After a stay at Solage in Calistoga, we decided to grab lunch at one other place in Napa before heading home. We decided to try the famed Bouchon Bistro in Yountville, CA.
Bouchon is the famed casual cousin of The French Laundry. With this meal, I would have finally finished dining at the Thomas Keller triumvirate of restaurants in Yountville (also includes Ad Hoc).
The menu at Bouchon is classic French Bistro cuisine. There are tons of appetizers and hors d'oeuvres that you can fill up on, or you can get normal main courses that are quite large. The waiter said that for lunch, a lot of people would fill up on smaller dishes. So that's mostly what we did. We got three small dishes and one entree. Here's an overview of what we got.
1) Escargots à la Bourguignonne - Burgundy snails, parsley-garlic butter & Bouchon Bakery puff pastry
I can't recall if I've ever had snails served like this, with the little puff pastry on top. I had assumed the puff pastry was going to be on the side to dip into the snail garlic butter afterwards. Overall pretty good, but perhaps not my most favorite snail dish I've ever had.
While I was writing this up, I was trying to think "why did we order oysters?" While good, you can get oysters anywhere. Shouldn't we have gotten something unique to Bouchon? Then I remembered.
There are a number of "put on bread" types of dishes that you can get at Bouchon: caviar, charcuterie, pate, foie gras, etc. You can also dip bread into a number of dishes (such as the escargot above or the mussels below). So we decided to go with the oysters to try and mix up our dishes.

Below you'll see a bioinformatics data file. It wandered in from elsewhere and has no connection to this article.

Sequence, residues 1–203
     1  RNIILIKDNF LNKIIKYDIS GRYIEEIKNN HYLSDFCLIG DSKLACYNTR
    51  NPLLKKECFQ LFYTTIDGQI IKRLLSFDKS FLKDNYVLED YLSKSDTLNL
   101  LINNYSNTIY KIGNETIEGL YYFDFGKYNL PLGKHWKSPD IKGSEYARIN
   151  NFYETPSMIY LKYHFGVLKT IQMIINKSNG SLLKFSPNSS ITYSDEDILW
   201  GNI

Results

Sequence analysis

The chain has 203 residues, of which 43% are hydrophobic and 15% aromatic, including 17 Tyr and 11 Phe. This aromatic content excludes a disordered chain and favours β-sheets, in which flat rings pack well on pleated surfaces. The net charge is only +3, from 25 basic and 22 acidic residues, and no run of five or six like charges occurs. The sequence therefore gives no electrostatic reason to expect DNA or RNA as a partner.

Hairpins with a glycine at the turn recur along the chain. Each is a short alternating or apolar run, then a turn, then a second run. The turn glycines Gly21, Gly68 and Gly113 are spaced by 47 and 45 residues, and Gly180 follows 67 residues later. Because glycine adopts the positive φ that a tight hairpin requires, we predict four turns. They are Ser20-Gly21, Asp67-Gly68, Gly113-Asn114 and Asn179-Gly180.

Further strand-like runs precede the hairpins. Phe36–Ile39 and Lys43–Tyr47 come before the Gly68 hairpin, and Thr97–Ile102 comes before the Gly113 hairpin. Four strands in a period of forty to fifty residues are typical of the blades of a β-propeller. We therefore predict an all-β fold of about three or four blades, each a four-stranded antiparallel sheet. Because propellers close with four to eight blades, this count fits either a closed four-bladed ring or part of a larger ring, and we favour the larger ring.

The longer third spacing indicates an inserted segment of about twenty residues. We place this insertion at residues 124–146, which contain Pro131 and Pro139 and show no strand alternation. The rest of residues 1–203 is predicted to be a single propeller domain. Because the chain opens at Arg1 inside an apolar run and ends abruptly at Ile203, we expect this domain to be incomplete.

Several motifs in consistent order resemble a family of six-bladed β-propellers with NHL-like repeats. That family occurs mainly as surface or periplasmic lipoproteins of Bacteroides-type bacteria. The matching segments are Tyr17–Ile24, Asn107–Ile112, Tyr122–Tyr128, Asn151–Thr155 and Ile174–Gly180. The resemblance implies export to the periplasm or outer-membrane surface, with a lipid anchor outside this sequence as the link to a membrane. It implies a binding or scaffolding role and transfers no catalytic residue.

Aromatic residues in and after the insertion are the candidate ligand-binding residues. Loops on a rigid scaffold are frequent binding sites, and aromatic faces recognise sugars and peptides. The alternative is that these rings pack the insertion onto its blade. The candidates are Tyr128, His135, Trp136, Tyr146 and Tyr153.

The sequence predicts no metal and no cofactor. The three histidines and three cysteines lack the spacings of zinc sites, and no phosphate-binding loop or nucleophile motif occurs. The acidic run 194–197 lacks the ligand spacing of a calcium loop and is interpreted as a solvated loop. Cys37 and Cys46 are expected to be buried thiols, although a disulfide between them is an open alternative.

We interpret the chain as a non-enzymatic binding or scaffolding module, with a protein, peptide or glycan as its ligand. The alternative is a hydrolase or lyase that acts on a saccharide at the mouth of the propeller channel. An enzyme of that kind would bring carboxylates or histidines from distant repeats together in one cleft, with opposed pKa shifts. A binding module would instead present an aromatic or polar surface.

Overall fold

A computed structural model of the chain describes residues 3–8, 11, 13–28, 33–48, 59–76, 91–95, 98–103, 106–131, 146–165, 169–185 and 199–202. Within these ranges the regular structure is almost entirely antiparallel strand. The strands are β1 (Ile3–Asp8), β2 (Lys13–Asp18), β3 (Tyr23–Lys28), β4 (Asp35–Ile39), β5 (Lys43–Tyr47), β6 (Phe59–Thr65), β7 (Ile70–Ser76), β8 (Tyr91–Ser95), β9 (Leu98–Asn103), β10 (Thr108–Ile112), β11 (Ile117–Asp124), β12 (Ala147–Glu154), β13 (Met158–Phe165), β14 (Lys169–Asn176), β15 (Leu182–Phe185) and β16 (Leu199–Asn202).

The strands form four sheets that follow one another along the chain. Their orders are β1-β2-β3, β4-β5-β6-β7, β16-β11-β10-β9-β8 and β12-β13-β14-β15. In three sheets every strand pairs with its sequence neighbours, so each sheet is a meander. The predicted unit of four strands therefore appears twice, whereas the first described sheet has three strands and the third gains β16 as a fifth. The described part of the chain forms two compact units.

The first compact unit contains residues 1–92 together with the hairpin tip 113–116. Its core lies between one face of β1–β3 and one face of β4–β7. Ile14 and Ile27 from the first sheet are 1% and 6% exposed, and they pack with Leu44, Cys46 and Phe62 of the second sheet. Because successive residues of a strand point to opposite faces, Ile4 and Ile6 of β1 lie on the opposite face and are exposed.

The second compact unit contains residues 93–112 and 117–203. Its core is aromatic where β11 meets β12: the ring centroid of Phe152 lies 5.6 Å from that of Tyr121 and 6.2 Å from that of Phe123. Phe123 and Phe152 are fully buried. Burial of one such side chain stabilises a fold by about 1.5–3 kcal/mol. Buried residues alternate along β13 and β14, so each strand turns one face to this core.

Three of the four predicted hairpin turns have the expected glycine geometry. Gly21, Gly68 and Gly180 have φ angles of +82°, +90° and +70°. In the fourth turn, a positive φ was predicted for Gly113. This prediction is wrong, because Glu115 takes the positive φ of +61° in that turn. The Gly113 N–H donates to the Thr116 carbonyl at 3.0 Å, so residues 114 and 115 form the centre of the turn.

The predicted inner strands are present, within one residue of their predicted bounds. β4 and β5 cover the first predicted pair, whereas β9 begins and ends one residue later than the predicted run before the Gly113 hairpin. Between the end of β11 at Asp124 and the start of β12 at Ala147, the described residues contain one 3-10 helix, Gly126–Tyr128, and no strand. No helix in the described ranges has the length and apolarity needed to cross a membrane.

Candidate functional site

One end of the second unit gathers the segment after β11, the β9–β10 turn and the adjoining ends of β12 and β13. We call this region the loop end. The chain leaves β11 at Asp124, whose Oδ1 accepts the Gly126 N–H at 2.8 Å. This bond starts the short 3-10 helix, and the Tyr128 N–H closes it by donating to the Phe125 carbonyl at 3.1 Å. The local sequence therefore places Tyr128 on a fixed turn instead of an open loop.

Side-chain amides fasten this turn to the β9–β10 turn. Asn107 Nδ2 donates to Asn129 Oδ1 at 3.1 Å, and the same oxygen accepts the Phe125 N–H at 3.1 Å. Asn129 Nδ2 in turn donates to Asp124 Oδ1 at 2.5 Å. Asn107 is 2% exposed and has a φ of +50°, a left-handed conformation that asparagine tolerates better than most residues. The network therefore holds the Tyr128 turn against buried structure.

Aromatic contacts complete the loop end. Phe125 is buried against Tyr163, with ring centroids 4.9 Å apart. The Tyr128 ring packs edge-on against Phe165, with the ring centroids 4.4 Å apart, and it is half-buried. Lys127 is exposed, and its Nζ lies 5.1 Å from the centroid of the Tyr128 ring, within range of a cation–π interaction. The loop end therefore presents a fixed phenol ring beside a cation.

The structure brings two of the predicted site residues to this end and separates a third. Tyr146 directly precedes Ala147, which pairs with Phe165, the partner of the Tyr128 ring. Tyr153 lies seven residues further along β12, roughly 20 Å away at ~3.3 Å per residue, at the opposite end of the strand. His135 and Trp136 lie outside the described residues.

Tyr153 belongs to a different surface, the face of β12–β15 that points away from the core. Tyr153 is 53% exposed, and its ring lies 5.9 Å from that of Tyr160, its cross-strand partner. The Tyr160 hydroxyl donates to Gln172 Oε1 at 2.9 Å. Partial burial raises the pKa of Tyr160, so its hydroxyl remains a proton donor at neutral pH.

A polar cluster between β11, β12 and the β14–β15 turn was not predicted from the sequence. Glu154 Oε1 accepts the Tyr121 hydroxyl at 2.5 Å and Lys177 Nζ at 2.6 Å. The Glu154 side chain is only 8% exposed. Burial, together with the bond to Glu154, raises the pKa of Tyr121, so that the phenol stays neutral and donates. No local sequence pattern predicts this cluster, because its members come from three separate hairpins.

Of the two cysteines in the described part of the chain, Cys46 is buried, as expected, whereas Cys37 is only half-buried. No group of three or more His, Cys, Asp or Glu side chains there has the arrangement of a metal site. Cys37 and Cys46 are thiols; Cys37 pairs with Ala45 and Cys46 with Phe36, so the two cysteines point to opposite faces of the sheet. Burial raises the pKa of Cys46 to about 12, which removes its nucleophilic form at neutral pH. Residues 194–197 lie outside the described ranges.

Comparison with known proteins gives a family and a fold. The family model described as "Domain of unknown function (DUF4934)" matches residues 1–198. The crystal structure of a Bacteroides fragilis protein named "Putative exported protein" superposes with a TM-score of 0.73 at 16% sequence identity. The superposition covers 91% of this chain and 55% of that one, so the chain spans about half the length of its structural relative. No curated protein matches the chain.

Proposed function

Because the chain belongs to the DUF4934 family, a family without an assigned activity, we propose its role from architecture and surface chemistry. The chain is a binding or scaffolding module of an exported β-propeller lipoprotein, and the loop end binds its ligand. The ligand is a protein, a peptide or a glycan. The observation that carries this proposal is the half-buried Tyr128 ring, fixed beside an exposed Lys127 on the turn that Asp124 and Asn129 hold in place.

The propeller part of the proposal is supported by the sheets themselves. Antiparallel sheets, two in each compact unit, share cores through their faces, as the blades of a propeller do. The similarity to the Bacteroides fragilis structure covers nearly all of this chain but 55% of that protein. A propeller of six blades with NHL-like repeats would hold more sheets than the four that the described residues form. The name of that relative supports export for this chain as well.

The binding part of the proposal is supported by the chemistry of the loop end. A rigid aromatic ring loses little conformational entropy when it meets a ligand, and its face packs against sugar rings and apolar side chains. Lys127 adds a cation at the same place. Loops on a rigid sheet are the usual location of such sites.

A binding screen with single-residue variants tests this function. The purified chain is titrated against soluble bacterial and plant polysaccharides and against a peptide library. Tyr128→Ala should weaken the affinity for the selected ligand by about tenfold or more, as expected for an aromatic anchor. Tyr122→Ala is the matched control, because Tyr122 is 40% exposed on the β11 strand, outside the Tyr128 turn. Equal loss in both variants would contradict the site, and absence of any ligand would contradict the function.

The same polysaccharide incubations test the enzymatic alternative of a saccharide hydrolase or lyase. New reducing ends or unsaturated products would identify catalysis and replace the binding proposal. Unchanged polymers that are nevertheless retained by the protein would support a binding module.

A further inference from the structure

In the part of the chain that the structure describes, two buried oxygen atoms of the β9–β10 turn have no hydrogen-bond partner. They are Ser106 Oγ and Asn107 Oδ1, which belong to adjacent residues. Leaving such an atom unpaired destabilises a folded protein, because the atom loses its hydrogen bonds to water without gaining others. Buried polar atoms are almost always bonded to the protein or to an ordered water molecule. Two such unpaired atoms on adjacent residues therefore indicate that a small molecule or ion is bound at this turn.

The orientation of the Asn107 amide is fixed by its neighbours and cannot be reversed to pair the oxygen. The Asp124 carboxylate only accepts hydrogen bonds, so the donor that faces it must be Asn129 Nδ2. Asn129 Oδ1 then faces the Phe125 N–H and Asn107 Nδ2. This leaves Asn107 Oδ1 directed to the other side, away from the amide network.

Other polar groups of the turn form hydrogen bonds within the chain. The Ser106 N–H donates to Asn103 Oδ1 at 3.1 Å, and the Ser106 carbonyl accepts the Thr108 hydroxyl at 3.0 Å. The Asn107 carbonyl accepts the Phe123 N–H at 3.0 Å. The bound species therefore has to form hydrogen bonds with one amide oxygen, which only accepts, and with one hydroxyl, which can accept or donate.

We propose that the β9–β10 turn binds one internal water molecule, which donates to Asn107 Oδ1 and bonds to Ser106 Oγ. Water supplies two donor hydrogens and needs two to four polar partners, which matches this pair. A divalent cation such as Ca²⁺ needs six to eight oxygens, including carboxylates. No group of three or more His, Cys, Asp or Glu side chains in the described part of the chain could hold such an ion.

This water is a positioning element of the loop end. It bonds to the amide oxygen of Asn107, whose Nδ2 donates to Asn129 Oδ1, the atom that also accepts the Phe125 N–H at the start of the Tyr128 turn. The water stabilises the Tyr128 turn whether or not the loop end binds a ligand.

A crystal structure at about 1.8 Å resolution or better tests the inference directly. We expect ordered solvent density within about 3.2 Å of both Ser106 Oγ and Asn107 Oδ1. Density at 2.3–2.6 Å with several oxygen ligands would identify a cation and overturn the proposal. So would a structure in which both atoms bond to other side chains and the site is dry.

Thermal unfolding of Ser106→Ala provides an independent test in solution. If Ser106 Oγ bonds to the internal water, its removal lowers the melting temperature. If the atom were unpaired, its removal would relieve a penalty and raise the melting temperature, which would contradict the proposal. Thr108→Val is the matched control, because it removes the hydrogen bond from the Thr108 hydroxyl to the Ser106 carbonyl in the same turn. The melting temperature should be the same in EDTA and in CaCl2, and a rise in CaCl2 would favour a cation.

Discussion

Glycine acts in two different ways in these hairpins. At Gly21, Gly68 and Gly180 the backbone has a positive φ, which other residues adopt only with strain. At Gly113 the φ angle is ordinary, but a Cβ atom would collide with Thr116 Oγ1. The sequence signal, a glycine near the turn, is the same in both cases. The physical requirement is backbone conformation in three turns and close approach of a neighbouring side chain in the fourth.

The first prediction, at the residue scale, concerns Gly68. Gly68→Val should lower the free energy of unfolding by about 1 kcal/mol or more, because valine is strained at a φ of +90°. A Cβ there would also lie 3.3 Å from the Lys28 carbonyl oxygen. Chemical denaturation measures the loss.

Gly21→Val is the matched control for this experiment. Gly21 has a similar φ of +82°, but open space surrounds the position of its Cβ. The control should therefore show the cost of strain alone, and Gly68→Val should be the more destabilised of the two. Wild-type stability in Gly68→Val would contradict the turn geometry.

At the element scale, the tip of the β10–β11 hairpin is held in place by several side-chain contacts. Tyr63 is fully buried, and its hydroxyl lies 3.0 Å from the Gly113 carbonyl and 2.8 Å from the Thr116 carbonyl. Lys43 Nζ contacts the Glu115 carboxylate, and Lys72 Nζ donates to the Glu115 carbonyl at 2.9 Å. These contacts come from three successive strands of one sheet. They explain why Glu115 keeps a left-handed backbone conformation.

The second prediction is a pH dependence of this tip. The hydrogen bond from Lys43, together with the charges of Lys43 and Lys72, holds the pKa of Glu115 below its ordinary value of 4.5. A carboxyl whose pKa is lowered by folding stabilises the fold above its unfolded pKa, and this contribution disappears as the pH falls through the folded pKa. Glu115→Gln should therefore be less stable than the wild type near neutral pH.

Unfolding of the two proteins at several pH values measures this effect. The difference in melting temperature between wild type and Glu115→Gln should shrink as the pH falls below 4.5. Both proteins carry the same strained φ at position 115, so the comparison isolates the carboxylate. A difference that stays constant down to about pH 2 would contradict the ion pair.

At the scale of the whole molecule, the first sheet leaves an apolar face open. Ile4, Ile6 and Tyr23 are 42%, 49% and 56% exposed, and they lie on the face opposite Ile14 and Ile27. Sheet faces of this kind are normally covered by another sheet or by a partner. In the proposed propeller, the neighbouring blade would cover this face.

They offered two types, California and Rhode Island (IIRC). I preferred the California ones.
3) Assiette de Charcuterie - served with pickled vegetables
I was pretty surprised when they brought this out. It was way bigger than I expected. I'm used to a tiny pile of pickles on the side of a charcuterie plate, but the pickled vegetables on the side was huge. The variety of the vegetables was also quite large.
As for the charcuturie, there was pate, salami, coppa, and some bread with cheese melted on it (can't remember what kind). The coppa was particularly delicious. Both it and the salami didn't have quite the high salt kick you're typically accustomed to compared to store bought. The coppa was also much "softer". It's hard to describe. The pate was also delicious, perhaps the best pate I've ever had.
4) Moules au Safran - Maine bouchot mussels, steamed with white wine, Dijon mustard & saffron, served with French fries
So unfortunately, I forgot to take a photo of the mussels when this bowl was
full of mussels. So just try and imagine it with more mussels in the
Overall, quite good. The white wine sauce was delicious. The fries were pretty good. If you wanted to get just the mussels and fries as an entree, it would definitely fill you up, as there are a lot of fries.
5) Bouchon Bakery
We decided not to get any dessert and instead went next door to Bouchon Bakery and picked up some desserts to go.
We picked up two macarons (raspberrry and rose), a lemon tart, and a chocolate eclair.
The chocolate eclair was delicious, perhaps the best I've ever tasted. The lemon tart as well. Of the two macarons, I enjoyed the raspberry one the most.
Overall, a fun trip to Bouchon. The one knock I have against Bouchon Bistro is that it is a very classic French Bistro food. For me, I like to try and taste new and different things that I haven't had before.
While I'm sure dishes such as their steak & frites or their croque madam are delicious and better than many other restaurants, I'm not sure if that's what I necessarily would like to adventure out to get if in Napa. But if you're more interested in something more casual and familiar, I think Bouchon Bistro is a great place to hit up.